By Andrew Magombo – Mana
Minister of Information and Communication Technology, Gospel Kazako, has described the Access to Information Act (ATIA) as a crucial tool in achieving the long awaited transparent government in the era of democracy.
Kazako was speaking in Lilongwe, at a validation conference on regulations for the yet-to-be-implemented Access to Information Act which was operationalized on September 30, 2020.
In his address during the meeting which was patronized by different stakeholders from public and private sectors, the minister said they are not doing this merely based on campaign promises but rather because it is imperative to critically review the draft of ATI regulations.
When asked on government’s commitment on this Act which has been derailed by previous regimes, Kazako said they are ready to implement ATI but since the Tonse Alliance administration believes in servant leadership and putting ahead people’s interests, they paved way for the deliberations which he described as vital.
He said: “It is crucial for Malawi to make ATI a reality because this will empower our nation with an active citizenry anchoring on informed viewpoints.
“Our country is in quagmire because a lot of plundered resources have ended up in other people’s pockets but Malawians were not even aware due to lack of access to such information.
“We cannot wait any longer to implement the Access to Information Act. The Tonse Alliance government believes in transparency and accountability because as a nation we cannot afford to keep people in the dark.”
Kazako further promised that every proposal from the conference would be considered before the final draft is submitted to the Ministry of Justice this coming Friday.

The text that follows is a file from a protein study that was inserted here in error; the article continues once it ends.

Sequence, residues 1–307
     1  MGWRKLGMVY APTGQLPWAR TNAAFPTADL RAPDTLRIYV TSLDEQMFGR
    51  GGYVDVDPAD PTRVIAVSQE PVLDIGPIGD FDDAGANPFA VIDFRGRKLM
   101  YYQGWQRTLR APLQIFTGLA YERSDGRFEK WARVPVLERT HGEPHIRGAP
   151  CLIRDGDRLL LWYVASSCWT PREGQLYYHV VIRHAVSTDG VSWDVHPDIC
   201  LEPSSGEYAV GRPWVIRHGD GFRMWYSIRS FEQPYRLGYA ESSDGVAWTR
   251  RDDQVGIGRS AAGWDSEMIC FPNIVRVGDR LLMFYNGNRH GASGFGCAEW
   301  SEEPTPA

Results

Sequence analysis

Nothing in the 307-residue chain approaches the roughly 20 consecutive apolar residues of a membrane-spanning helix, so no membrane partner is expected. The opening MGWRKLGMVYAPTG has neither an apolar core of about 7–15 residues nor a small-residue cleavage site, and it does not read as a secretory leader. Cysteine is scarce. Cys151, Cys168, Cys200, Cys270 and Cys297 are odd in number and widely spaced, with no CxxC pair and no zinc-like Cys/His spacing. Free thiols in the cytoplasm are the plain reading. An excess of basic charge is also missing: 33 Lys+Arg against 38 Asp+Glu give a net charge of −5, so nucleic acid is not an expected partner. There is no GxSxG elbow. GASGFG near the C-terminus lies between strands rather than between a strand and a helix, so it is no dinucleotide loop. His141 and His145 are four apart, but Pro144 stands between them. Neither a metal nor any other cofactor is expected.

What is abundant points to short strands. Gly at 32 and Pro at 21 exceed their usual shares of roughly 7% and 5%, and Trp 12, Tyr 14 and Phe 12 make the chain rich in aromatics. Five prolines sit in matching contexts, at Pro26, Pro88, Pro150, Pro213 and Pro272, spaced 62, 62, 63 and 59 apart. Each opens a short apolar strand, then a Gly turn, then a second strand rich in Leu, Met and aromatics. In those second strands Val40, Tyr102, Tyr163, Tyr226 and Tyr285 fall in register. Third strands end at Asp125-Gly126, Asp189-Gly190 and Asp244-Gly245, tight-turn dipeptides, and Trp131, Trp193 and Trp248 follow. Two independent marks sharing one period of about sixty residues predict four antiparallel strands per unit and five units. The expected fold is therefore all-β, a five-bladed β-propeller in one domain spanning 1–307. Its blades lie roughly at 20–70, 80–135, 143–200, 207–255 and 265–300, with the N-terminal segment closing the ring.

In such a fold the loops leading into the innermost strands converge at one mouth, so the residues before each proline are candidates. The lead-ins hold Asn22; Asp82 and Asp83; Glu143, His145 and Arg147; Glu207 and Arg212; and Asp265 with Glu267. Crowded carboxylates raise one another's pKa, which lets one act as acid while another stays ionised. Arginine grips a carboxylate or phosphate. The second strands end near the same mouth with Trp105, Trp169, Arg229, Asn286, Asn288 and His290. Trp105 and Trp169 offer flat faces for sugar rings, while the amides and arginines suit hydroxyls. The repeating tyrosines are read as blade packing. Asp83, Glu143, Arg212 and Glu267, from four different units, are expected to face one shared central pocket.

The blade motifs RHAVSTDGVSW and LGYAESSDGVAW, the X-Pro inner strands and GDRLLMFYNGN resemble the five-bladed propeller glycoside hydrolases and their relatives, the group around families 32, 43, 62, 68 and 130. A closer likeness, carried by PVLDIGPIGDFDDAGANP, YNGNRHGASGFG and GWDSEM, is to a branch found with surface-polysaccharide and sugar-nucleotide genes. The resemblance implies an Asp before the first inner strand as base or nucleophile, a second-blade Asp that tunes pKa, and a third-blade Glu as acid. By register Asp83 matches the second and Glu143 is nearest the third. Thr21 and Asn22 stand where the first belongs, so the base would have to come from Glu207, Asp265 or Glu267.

On his part, Chairperson of the Malawi Human Rights Commission, Reverend Patrick Semphere commended swift action by the government gestured in the manner they granted a positive response to the calls for a stakeholders’ meeting on ATI draft regulations.
Semphere further expressed gratitude for an additional K150 million budget allocation thus topping up the initial sum of K20 million which the Commission had earlier asked for the implementation of both the Access to Information Act and Gender Equality Act.
He said: “As a commission mandated with the task of overseeing the implementation of the ATI Act, we applaud the current administration for demonstration of tangible political will which is a clear manifestation of servant leadership.”
“When we raised the concern that K20 million was not enough to kick start the process, government gave us a listening ear. This is not a time-coded process but rather a permanent intervention into human rights of Malawians as such we look forward to donor support as well.”
The conference which was funded by the European Union Chilungamo Project came hot on the heels of raised concerns from several stakeholders who asked for a slight delay pending review before the regulations are gazzeted and later tabled in the current sitting of Parliament.